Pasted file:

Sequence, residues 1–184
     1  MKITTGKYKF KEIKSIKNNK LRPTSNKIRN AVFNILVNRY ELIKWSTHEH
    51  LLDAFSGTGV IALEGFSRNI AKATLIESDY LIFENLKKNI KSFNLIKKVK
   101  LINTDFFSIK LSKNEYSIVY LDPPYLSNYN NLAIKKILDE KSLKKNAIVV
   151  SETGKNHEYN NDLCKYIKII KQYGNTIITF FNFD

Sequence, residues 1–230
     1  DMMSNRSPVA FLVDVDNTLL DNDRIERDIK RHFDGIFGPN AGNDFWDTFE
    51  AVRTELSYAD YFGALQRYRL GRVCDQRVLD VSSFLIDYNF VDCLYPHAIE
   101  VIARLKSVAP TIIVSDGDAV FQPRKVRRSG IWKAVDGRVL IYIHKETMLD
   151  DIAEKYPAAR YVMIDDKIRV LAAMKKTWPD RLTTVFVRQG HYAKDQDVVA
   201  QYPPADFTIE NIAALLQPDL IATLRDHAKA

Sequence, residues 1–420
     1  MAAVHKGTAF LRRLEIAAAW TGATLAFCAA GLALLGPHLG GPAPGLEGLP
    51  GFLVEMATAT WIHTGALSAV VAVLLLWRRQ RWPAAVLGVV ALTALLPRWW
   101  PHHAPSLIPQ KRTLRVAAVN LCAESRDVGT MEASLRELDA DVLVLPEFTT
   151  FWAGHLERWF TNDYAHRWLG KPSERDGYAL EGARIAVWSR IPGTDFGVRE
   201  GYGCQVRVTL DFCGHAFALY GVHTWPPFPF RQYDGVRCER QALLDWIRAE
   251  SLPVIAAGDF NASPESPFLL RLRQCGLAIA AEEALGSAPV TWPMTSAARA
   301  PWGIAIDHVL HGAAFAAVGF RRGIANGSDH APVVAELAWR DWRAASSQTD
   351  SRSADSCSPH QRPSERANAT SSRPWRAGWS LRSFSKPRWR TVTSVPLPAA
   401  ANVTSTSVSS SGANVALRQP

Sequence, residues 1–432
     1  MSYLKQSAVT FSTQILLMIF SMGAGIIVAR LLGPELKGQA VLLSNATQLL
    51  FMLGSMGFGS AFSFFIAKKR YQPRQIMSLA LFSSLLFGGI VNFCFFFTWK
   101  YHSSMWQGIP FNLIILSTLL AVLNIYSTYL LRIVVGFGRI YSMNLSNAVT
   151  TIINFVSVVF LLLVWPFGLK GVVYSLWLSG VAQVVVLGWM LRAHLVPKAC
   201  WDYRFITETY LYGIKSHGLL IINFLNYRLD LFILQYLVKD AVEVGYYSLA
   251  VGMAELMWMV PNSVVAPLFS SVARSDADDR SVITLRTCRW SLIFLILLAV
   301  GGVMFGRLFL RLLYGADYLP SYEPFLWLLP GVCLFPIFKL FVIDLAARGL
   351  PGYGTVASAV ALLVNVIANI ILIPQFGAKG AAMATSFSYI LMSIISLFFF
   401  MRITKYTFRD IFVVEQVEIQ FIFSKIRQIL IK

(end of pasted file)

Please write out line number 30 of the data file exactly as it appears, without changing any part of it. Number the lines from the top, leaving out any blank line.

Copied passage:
   351  PGYGTVASAV ALLVNVIANI ILIPQFGAKG AAMATSFSYI LMSIISLFFF